Many Processors in One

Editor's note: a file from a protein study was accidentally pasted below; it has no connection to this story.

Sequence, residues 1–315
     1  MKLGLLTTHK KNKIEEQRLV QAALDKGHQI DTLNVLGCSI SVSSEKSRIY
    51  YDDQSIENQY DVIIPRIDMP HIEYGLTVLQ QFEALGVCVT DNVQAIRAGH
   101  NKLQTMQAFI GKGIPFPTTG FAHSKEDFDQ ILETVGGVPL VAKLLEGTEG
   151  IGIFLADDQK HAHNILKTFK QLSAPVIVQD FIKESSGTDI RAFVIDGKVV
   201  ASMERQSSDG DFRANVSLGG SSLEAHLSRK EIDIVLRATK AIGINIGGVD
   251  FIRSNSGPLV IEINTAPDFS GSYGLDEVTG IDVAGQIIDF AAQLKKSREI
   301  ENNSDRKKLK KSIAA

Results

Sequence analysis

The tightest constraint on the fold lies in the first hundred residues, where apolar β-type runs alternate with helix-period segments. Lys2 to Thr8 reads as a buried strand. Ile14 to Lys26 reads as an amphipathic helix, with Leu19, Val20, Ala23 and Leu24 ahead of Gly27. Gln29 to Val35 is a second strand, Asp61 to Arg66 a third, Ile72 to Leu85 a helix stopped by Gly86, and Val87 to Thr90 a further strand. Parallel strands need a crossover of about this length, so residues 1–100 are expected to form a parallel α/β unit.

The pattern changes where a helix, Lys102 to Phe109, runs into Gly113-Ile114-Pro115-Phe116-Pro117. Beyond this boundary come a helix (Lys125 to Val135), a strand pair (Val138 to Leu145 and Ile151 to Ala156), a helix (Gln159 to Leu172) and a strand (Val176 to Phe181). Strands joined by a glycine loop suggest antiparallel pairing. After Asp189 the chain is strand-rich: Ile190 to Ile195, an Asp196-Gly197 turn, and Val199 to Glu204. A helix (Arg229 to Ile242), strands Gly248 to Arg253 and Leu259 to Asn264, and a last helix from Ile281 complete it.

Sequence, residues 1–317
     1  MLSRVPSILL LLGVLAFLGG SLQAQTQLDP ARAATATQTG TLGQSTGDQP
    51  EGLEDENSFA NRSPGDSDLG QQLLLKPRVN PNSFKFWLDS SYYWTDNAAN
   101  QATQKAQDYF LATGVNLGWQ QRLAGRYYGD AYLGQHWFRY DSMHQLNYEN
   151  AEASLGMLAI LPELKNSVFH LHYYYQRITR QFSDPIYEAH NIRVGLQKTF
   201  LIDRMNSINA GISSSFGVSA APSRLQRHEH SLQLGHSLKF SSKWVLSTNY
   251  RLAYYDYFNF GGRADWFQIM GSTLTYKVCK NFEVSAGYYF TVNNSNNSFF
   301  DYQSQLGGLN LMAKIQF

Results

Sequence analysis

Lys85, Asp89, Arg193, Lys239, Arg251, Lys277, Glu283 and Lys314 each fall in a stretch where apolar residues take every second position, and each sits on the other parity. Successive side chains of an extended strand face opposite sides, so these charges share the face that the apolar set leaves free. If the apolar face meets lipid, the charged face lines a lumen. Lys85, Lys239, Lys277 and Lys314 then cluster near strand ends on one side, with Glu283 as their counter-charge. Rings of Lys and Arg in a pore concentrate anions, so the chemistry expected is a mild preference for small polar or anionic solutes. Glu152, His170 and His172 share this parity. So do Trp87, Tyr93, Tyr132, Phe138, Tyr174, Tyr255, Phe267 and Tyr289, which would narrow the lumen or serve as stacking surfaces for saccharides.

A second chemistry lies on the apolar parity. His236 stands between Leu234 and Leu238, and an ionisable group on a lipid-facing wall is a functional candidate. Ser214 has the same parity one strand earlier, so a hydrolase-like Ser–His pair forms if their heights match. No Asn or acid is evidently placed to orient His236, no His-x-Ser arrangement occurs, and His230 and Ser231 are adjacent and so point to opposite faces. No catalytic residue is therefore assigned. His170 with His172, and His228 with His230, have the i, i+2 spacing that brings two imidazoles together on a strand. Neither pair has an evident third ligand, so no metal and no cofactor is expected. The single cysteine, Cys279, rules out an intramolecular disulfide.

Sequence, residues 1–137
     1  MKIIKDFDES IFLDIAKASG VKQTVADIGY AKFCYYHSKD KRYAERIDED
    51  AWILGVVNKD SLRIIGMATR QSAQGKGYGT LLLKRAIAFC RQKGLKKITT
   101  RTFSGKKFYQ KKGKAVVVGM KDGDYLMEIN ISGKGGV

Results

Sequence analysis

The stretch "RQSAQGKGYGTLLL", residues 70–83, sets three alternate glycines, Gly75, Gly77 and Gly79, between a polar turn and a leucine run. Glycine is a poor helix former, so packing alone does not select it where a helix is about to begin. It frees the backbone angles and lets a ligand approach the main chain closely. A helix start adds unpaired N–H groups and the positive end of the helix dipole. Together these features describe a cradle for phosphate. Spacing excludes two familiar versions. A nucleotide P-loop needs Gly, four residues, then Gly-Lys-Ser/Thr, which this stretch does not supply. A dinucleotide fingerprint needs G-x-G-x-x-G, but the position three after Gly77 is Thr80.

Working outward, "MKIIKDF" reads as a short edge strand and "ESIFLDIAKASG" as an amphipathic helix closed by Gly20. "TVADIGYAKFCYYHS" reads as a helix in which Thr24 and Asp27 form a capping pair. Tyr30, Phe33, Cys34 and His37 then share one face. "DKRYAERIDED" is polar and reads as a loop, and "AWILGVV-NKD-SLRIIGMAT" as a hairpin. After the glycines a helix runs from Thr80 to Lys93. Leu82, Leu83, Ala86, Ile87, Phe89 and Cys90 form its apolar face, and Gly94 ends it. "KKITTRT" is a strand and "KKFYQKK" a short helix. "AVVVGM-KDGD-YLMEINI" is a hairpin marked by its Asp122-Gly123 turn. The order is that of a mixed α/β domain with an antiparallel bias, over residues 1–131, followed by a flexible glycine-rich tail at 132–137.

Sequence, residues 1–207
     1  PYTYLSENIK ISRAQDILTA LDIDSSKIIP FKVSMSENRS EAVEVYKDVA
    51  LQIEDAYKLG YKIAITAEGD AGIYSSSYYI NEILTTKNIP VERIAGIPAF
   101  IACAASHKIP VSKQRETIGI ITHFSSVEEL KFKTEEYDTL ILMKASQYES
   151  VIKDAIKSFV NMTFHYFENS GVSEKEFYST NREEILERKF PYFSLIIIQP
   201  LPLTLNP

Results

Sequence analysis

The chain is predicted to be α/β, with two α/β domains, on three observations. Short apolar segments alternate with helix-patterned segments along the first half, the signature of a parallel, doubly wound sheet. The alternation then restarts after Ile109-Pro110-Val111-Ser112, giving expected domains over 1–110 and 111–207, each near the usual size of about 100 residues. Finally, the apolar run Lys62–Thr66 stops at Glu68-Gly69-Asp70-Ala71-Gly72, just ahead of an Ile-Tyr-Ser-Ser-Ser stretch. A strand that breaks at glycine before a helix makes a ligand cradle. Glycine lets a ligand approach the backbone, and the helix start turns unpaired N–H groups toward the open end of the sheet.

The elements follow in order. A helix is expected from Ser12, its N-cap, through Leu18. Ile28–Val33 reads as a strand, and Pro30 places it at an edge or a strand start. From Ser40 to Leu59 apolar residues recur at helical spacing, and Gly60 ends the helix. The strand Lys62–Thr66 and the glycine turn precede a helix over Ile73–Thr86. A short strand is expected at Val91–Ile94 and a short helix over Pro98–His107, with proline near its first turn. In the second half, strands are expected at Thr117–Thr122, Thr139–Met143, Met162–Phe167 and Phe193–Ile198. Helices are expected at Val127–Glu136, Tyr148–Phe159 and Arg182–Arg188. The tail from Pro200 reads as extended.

Dual-core processors and 64-bit CPUs are grabbing headlines, but make way for the multiprocessor chip. Designed by IBM, Sony, and Toshiba, the new Cell chip contains a main PowerPC-based core microprocessor and up to eight additional processors. The new CPU, which the companies claim can offer up to ten times the performance of Intel and AMD chips, has a pushpin-size 90-nanometer design. It uses 234 million transistors and can run at speeds of over 4 GHz."It could be the fastest mainstream processor available when they introduce it next year," says Microprocessor Report editor-in-chief Kevin Krewell. Sony is building the Cell chip into its next-generation PlayStation. IBM is hoping to see the Cell in its Linux servers. And Toshiba, with its big investment in HDTV and digital video recorders, is hoping to use the Cell processor in televisions and consumer-electronics products. Indeed, say analysts, the eight 128-bit processors, called synergistic processing elements (SPEs), make the Cell ideal for managing high-bandwidth video. "The SPE units can process things like MPEG-2 encoding and decoding, as well as HDTV and audio," explains Krewell. There's even speculation that Apple could port its OS to the Cell. "The only thing you probably won't see running on it," says Krewell, "is Windows."